Novice Python often makes mistakes

Source: Internet
Author: User

Novice Python often makes mistakes (part two)

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In this article, let's focus on the scope where Python is misused. Usually, when we define a global variable (well, I'm saying this because the need for explanation--the global variables are bad), we use a function to access them that can be understood by Python:

123 bar = 42def foo():    print bar

Here we use the global variable bar in the Foo function, and it works as expected:

12 >>> foo()42

This is cool. In general, after we use this feature, we want to use it in all the code. If the following example is used, it will work:

1234567 bar =[42]def foo():    bar.append(0)foo() >>> printbar[42, 0]

But what if we change the bar a bit:

123456 < Code class= "Python plain" >>>> bar =   42 def  foo (): ...     bar =  0 ... Foo () print  bar 42

We can see that the Foo function works well and does not throw an exception, but when we print the value of bar we find that its value is still 42. The reason for this is that bar=0 this line of code, which does not change the value of the global variable bar, but instead creates a local variable whose name is also called bar and its value is 0. This is a hard-to-find bug, which makes it very painful for beginners who don't really understand the python scope. To understand how Python handles local and global variables, let's look at a more rare, but potentially confusing, error, where we define a local variable called bar after we print the bar value:

1234 bar =42def foo():    print bar    bar =0

It's not going to go wrong, is it? We define a variable with the same name after the value is printed, so this should not be affected (Python is, after all, an interpreted language), is that really the case?

Something went wrong.

How is that possible? OK, here are two mistakes. The 1th is about Python, as an interpreted language (very cool, which we all agree on), and is executed one line at a a-line. In fact, Python is a declaration of a declaration executed. To make you feel a little bit about what I want to say, open your favorite shell and enter the following code:

1 deffoo():

Press ENTER. As you can see, the shell does not print any output but waits for you to continue with the definition of the function. The shell will always be like this until you stop defining the function. This is because defining a function is a declaration. Well, it's a mixed statement that contains some other declarations, but it's still a statement. Until the function is called, the contents of this function will not be executed. The object that is actually executing a function type is created.

This leads us to focus on the 2nd. Again, the dynamic and interpretive nature of Python makes us believe that when the print bar line is executed, Python will first look for the variable called Bar in the local scope and then look for the global scope. But what actually happens is that the local scope is not completely dynamic. When the DEF statement executes, Python will statically retrieve the information from the local scope of the function. When it comes to bar=0 (not executing this line of code, but when the Python interpreter reads this line of code), it adds the ' bar ' variable to the local variable list of the Foo function. When the Foo function executes and Python prepares to execute the print bar line, it looks for the variable in the local scope, because the process is static, and Python knows that the variable has not been assigned a value, and the variable has no value, so it throws an exception.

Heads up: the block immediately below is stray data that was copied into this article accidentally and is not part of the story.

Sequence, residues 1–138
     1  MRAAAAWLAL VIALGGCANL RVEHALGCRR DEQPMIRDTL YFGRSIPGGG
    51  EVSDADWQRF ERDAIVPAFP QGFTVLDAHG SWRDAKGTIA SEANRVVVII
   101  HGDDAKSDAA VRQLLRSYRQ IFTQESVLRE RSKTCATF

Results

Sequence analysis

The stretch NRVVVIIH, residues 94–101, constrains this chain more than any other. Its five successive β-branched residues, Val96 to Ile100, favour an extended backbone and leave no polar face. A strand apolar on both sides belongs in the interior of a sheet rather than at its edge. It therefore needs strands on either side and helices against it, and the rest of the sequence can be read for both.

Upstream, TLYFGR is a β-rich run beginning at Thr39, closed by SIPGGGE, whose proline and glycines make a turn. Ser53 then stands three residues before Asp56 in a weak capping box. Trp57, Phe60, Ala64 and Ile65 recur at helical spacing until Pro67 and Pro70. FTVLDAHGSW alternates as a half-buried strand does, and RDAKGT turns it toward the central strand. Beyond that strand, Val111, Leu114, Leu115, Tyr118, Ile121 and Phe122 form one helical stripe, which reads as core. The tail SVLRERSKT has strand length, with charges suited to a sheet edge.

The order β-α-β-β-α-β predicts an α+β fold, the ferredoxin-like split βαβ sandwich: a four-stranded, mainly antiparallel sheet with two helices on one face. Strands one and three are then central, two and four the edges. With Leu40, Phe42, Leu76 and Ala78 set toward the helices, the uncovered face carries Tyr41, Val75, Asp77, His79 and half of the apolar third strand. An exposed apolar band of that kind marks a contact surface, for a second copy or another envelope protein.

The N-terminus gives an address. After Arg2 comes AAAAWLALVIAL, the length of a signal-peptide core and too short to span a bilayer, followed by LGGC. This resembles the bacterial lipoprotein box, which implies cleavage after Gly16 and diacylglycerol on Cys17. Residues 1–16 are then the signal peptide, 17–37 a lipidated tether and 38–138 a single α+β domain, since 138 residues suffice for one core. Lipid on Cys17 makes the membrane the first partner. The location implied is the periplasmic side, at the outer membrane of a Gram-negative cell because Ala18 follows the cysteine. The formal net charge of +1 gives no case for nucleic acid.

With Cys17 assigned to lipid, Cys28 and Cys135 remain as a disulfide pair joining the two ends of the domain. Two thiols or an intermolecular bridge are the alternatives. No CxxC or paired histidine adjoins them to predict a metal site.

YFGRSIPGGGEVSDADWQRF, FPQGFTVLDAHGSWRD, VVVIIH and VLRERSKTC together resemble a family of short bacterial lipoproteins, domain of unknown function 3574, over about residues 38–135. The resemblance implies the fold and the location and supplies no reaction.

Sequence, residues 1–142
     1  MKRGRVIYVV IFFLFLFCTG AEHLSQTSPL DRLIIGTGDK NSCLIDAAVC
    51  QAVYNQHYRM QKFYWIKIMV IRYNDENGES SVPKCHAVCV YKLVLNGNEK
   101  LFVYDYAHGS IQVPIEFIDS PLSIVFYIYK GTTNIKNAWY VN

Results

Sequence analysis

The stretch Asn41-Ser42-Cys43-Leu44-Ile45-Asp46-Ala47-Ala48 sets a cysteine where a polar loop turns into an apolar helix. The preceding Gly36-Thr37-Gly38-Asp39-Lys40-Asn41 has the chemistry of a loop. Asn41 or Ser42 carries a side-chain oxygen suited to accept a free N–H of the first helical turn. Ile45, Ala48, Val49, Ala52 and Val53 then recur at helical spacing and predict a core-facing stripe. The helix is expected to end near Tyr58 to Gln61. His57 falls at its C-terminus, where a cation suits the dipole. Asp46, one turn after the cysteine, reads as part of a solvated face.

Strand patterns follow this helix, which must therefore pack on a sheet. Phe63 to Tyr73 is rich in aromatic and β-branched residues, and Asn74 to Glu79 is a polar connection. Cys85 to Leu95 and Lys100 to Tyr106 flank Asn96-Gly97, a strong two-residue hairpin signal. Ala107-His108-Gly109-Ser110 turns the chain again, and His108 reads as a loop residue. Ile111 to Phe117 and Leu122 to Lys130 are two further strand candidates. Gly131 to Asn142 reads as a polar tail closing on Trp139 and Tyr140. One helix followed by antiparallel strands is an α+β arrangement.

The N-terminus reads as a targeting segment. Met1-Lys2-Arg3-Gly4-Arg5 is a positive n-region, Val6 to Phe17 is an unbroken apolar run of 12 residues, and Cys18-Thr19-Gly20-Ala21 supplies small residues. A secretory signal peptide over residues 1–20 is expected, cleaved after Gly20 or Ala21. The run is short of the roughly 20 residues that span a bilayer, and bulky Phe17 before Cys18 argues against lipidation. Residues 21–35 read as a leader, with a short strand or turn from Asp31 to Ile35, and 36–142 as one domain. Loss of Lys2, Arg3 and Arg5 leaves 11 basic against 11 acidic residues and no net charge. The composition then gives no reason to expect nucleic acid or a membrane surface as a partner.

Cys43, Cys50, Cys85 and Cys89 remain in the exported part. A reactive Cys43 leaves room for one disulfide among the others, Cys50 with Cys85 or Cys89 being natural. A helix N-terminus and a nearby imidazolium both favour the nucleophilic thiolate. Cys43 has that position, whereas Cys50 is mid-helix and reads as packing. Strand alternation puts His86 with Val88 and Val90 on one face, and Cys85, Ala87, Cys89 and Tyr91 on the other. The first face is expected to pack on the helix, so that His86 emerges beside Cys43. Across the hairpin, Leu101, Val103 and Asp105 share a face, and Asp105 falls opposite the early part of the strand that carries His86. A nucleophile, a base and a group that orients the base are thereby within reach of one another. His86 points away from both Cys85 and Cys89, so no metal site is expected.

You might ask: Why not throw this exception when declaring a function? Python knows beforehand that the bar variable is referenced before it is assigned to a value. The answer to this question is that Python has no way of knowing whether the local variable bar has been assigned a value. Take a look at the following example:

12345 bar =   42 def   foo (baz):      if   baz > 0 :          print   bar      bar =   0

Python plays a subtle game between dynamic and static. The only thing it knows is that bar is assigned, but it doesn't know if the exception was quoted before the assignment until it really happened. Well, honestly, it doesn't even know if this variable is assigned!

12345678910111213 bar =42deffoo():    printbar    ifFalse:        bar =0>>> foo()Traceback (most recent call last):  File"<pyshell#17>", line 1, in<module>    foo()  File"<pyshell#16>", line 3, infoo    printbarUnboundLocalError: local variable ‘bar‘referenced before assignment

See the above code, although we as a smart creature can know very well not to assign value to bar. Python ignores that fact but still declares the local variable of bar.

I've said it long enough about this question. What we need is a solution, and I'll give you two solutions here.

12345678910 >>> bar =  42 def  foo (): ...     global  bar ...     print  bar ...     bar =  0 ... ... foo () 42 >>> bar 0

The first is to use the Global keyword. This is self-evident. This will let Python know that bar is a global variable rather than a local variable.

The second method, which is also more recommended, is not to use global variables. The Global keyword has never been used in many of my python development efforts. It's OK to know how to use it, but in the end try to avoid it. If you want to save the value from the beginning to the end of the code, define it as a property of a class. In this way, it is completely unnecessary to use global, when you want to use this value, through the properties of the class to access it:

1234567891011121314 >>> classBaz(object):...     bar =42... ... def foo():...  # global...     bar =0# local... =8# global...     printbar... ... foo()... printBaz.bar4208

Novice Python often makes mistakes

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